Sigmund Freud thought that jokes work by converting anxiety into pleasure. He recalled the jest made by the criminal being led to the gallows. It happened to be a Monday morning and so the villain cracked, 'not a good start to the week.' He died more at ease, with a smile.
Socrates too is remembered for his irony. When he was asked what he thought might be a suitable punishment for his crimes, he replied, free meals for life.
To put it another way, Freud continues, humour eases doubt because it releases the energy that feeds the fear.
"Look here," the joke goes, "this is all that this seemingly dangerous world amounts to. A jest." It's not really true, but for a moment we can feel safer and in that moment maybe learn something lasting about our feelings about doubt.
Satire is certainly part of a mature, democratic society - and it not only pokes fun at those with power. It aids citizens too. It prompts us not to demand faux-certainties from the powerful. It reminds us of their limitations and our own.
To achieve this double effect, it has to be performed in the right spirit - a spirit that prompts we citizens to reflect on ourselves as well has have a laugh at our masters.
If satire only mocks the mighty, it may leave us with the comfortable delusion that the mighty are all to blame. If it makes us feel uneasy too, amidst the belly laughs and chuckles, then that might be because it is true to a degree at least, that we get the politicians we deserve.
On occasion, horror and calamity happens. Where there is doubt there is also the real possibility of mishap, error and failure. In the political sphere, Enoch Powell nailed it when he said: "All political lives… end in failure because that is the nature of politics and of human affairs."
But there is hope in his remark too, for it seems to me that there are different ways of failing.
One is to fail badly, raging and seeking revenge. The politician who fails in this way will rush to write self-justifying memoirs or instigate scorched earth policies as they leave office.
But there is a good way of failing. I don't mean a stiff-upper lip kind of failure that grins and bears it. Rather, it's the good failure that paves a way for what follows.
It's a subtle attitude, though one well understood in child psychology.
The British paediatrician, Donald Winnicott, argued that a mother must fail her child in order that the child can make its way in the world. A perfect mother, who anticipated and fulfilled her child's every need, would actually be a tyrant.
Conversely, the primary-carer of a child must not fail the child too deeply or too often. If that happens, it suffers what Winnicott called impingements - experiences that leave the infant feeling under mortal threat, as if life itself might fail them.
It's a balance, which Winnicott summed up in the useful phrase, the good-enough mother. The good-enough primary carer fails their charge well, so that the young child discovers a sense of its own agency, its own self.
The psychotherapist, Andrew Samuels, has proposed that this might be a handy notion to deploy in politics. In his book, Politics on the Couch, he argues that we need good-enough politicians. They will fail us because that is what politicians do, that is what life does.
However, they might fail us well, so that as citizens their failure can encourage us to discover our agency, to be empowered - like the young child.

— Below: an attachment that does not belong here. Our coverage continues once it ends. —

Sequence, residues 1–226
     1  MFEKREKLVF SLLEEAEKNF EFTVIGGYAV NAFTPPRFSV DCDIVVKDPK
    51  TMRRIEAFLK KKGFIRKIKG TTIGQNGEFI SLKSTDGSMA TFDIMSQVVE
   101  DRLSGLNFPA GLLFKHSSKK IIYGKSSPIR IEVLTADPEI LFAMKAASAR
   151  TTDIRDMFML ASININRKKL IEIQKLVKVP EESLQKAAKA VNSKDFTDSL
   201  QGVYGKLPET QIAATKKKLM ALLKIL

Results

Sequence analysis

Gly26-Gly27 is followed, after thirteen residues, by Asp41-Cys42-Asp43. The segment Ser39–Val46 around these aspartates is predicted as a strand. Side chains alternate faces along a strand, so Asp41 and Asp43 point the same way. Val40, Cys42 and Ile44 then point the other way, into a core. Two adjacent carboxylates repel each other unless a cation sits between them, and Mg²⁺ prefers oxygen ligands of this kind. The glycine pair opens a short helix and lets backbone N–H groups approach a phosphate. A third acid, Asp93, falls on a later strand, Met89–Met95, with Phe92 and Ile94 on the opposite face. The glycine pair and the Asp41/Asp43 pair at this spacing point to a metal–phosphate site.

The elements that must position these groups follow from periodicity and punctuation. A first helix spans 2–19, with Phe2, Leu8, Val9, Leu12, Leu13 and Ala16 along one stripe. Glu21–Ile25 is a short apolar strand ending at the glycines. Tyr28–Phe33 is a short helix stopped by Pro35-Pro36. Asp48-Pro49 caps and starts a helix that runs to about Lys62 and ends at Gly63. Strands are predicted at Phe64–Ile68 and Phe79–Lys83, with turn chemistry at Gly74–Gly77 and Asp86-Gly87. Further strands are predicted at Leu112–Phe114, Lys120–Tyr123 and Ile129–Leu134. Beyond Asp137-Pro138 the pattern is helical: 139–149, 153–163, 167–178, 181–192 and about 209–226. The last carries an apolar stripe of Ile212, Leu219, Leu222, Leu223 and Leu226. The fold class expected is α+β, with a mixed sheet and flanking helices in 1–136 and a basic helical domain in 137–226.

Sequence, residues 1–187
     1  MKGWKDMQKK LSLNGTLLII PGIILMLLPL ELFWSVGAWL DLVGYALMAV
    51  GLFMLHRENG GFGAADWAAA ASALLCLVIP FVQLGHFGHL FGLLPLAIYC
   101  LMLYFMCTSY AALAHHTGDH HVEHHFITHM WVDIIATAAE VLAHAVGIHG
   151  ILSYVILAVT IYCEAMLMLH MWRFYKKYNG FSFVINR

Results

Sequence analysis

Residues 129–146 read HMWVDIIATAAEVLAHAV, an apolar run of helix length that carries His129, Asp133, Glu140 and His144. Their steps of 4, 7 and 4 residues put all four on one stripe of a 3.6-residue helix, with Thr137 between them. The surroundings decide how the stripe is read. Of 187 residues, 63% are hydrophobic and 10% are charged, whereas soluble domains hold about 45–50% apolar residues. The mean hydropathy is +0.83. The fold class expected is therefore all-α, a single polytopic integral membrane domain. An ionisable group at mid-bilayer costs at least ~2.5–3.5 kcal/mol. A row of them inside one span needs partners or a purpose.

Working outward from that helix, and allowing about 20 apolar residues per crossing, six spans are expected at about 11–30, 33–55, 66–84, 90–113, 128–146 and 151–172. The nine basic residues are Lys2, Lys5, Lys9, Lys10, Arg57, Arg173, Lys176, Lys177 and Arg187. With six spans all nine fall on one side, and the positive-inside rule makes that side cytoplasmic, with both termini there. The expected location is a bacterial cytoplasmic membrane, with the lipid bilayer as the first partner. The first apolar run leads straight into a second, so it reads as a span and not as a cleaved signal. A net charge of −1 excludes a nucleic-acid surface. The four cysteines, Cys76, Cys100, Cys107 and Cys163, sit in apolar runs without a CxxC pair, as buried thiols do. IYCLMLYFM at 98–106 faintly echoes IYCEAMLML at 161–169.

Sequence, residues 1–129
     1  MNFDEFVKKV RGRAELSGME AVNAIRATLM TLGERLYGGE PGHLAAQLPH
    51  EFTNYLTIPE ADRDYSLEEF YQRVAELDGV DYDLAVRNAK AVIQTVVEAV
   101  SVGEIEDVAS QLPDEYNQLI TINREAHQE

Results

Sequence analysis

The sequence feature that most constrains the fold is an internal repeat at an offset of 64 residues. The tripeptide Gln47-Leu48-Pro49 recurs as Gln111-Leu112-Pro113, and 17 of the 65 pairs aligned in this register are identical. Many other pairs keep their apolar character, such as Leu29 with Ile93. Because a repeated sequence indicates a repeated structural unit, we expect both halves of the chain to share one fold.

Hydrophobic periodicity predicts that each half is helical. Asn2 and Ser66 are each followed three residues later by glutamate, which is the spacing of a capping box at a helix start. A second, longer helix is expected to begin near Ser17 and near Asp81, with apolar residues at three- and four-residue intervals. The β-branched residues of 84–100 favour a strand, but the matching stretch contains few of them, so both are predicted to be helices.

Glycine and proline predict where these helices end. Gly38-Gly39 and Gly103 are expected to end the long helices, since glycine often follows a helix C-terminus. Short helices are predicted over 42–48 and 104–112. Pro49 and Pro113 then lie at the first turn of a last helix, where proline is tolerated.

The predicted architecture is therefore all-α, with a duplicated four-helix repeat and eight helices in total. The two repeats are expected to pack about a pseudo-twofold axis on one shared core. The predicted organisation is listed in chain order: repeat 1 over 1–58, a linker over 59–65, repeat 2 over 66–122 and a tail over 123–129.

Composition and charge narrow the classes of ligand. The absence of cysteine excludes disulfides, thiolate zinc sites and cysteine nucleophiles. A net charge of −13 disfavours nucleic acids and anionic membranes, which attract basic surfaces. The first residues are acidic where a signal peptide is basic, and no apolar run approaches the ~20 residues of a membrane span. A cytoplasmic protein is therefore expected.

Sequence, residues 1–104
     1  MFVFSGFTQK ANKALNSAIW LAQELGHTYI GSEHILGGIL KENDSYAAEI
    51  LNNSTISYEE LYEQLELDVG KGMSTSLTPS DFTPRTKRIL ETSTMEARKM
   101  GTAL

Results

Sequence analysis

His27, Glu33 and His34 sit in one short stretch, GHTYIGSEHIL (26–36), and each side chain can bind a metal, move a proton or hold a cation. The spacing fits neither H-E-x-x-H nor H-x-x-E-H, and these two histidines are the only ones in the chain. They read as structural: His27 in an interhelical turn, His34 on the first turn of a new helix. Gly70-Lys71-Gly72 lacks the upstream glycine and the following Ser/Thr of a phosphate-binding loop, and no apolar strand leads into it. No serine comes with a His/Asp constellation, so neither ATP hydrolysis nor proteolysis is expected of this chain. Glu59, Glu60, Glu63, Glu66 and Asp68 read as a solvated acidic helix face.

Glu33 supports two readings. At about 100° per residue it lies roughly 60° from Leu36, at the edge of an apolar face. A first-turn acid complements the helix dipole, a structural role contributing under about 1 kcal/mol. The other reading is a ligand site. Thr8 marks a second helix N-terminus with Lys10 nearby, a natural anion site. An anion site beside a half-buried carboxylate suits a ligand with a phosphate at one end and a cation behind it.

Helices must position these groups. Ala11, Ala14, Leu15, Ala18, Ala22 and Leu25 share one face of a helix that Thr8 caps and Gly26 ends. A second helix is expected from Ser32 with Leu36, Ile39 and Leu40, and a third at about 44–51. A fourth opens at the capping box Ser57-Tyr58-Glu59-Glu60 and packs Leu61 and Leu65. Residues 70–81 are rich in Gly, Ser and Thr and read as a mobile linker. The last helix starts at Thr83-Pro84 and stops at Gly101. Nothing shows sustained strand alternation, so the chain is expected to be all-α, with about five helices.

We might re-write Enoch Powell. It is not just that all political lives end in failure. Rather, the greatest political lives, knowing they will fail, strive to fail well so that others might live more bravely and better.
There would be benefits if voters could feel that they needed good-enough, not perfect politicians.
It might curtail the poisonous cycles of doubt in politics - the apportioning of blame, the demand that something, anything must be done. It might lessen the idealisation, when the politician promises the world. And then also the inevitable denigration, when the politician is subsequently belittled for failing to deliver the impossible.
The good-enough principle could be applied to the welfare state too, and the litigious culture that it risks nurturing.
A health system that was good-enough would be there for us when serious impingements threatened. And it would also equip us to face up to the uncertainties of life and death. Similarly, an education system that was good-enough would ensure that all children had the basics. And it would also foster the energy, curiosity and pleasure that empowers the child to take the risks that lead to a deeper self-education too.
This might seem fantastical given our punishing political culture today. What politician would survive the mockery of the press were they openly to aim to be good-enough?
And yet, Andrew Samuels continues, perhaps there is a way to do it. What the good-enough politician might cultivate is not delusions of omnipotent power, the certainties that know no doubt. Instead, they could cultivate the energy inherent in the kind of politics that equips others to pioneer change.
Such leaders position themselves as catalysts.
It is striking that this kind of politics copes well with doubt. In fact, uncertainty and failure appear to instil only more resolution and faith. Think of environmental politics. Failure presses in on every side, as talks collapse and international meetings fall apart. And yet, every setback renews the energy, inspires more creativity and imagination.
It might be in these arenas that we find lessons in the kind of politics with the faith to face life's doubts, with the faith to tolerate uncertainty.
What they have achieved is a rediscovery of soul. They manifest a kind of political spirituality, in the environmental case shown as a deep respect, a sense of the sacredness, of the earth. This generates a felt sense of aliveness - and so a well-resourced commitment, in spite of it all.
Doubt is before us. Though in truth it always was. We are the in between creature. To live well with doubt is to do well at being human, as Socrates tried to teach those first democrats.